Land protected by Indigenous peoples in Latin America experienced roughly half as much deforestation as land protected by other groups in recent years, according to a new report by the United Nations’ Food and Agricultural Organization (FAO) and Fund for the Development of Indigenous Peoples of Latin America and the Caribbean (FILAC).
Nearly half of the forest in the Amazon basin and 35% of all forest in Latin America is protected by Indigenous peoples. These territories store more carbon dioxide and host more biodiversity than similar areas in Latin America, which helps to support global water and food security and the stability of the climate, the authors of the report wrote.
“Indigenous and tribal peoples and the forests in their territories play vital roles in global and regional climate action and in fighting poverty, hunger, and malnutrition,” Julio Berdegué, FAO’s regional representative for Latin America and the Caribbean, said in a statement. “Their territories contain about one-third of all the carbon stored in the forests of Latin America and the Caribbean and 14% of the carbon stored in tropical forests worldwide.”
The UN reviewed more than 300 studies over the past two decades looking at forested areas in Latin America. They found that the land degradation in Indigenous areas is largely due to encroachment by industrial actors, forced displacement, illegal land clearing by outsiders, and other forms of violence.
The report warns that Indigenous people’s ability to protect forests and wildlife in general is increasingly under attack. Between 2016 and 2018, deforestation in Indigenous territories rose by 150%.
The COVID-19 pandemic has made these problems worse as governments scale back land protection efforts. In Brazil, for instance, the pandemic ushered in a surge of illegal fires.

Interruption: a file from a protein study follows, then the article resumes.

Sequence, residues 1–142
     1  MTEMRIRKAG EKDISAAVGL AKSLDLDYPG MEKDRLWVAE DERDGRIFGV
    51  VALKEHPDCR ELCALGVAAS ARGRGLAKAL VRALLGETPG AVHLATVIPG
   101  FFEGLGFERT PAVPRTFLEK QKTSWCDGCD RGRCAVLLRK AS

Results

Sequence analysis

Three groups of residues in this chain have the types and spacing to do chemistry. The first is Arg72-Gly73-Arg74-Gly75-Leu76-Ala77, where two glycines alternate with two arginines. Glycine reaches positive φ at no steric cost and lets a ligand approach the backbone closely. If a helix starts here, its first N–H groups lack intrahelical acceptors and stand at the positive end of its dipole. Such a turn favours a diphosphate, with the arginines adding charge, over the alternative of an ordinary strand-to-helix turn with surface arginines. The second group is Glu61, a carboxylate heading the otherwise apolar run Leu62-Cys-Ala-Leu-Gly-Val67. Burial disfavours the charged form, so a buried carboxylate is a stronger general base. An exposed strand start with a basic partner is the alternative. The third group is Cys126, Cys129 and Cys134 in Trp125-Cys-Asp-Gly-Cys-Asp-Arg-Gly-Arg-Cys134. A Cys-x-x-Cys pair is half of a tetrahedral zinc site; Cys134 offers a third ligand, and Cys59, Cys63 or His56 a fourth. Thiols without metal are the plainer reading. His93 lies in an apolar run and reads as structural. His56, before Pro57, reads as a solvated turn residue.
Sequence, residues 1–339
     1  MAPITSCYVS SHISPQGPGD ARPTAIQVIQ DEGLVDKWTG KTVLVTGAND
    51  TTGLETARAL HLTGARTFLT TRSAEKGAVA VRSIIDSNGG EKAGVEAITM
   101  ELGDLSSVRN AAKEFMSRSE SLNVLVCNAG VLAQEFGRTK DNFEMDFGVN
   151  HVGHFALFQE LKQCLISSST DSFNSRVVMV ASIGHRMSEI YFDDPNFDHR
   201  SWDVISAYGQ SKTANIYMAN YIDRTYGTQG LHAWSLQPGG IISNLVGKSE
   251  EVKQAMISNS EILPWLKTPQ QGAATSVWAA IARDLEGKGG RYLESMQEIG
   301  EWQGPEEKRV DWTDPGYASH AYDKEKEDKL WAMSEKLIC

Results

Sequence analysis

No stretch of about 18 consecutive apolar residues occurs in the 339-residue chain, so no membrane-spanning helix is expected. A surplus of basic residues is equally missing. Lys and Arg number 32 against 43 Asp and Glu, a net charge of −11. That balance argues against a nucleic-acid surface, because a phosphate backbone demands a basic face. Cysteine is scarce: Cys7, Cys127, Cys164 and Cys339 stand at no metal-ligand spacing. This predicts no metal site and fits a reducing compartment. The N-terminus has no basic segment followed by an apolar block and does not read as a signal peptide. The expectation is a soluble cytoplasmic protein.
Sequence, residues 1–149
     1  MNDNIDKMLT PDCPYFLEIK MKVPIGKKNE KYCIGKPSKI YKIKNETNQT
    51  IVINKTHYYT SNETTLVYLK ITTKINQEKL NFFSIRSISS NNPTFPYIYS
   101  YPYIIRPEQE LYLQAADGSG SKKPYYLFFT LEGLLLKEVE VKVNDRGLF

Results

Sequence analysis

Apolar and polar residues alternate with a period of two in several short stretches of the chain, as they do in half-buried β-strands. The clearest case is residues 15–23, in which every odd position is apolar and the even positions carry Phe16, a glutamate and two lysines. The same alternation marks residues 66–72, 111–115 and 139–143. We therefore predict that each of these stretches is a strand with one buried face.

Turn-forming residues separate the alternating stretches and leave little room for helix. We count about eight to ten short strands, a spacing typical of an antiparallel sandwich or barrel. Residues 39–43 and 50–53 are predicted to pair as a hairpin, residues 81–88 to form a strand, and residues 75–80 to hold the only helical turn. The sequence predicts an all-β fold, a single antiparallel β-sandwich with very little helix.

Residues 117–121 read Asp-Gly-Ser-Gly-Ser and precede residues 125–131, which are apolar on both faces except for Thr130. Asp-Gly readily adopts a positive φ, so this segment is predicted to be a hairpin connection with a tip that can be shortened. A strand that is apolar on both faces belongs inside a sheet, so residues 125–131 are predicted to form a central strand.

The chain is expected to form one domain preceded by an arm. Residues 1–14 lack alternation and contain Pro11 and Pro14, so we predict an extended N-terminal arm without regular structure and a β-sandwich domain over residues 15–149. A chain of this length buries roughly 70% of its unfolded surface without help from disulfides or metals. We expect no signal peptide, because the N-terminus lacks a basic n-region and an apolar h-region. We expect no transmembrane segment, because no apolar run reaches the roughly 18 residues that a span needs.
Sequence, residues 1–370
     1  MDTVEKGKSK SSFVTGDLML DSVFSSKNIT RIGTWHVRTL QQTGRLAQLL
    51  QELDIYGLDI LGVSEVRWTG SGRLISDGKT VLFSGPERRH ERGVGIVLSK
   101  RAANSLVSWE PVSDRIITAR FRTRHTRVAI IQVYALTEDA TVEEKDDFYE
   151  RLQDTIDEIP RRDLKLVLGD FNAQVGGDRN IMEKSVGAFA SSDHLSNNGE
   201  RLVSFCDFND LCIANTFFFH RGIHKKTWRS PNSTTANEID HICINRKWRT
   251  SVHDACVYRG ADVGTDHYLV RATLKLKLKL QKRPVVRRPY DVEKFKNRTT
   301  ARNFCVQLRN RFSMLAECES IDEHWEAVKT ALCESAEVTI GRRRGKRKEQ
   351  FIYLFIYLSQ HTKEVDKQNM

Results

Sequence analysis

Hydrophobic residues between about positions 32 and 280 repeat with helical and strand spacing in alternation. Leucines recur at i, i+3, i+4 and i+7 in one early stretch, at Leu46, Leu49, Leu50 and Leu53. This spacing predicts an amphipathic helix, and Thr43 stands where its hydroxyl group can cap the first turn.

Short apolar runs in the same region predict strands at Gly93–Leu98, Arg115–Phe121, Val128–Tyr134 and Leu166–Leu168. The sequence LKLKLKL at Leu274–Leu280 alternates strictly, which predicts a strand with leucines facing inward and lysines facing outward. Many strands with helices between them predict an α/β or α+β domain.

The UN’s report urges governments in the region to support Indigenous communities by recognizing their right to protect land and even paying them for the vital work they do. After all, the forests that they protect are important for the future stability of the planet.
Opening this up to international donors could generate hundreds of millions in revenue annually, according to the Guardian.
The authors note that it would be cost-effective to pay to store carbon in these areas to mitigate global emissions. Many carbon-offsetting schemes have arisen in the region in recent years that have provided crucial funding to Indigenous communities.
However, they continue to struggle to maintain their cultural heritage because of centuries of violence and imposed poverty. The report calls on governments to help fund cultural revitalization efforts so that Indigenous communities can promote conservation tactics rooted in historical knowledge.
“The evidence of their vital role in forest protection is crystal clear,” Myrna Cunningham, president of FILAC, said in a statement. “This makes evident why their voice and vision should be taken into account in all global initiatives and frameworks relating to climate change, biodiversity and forestry, among many other topics.”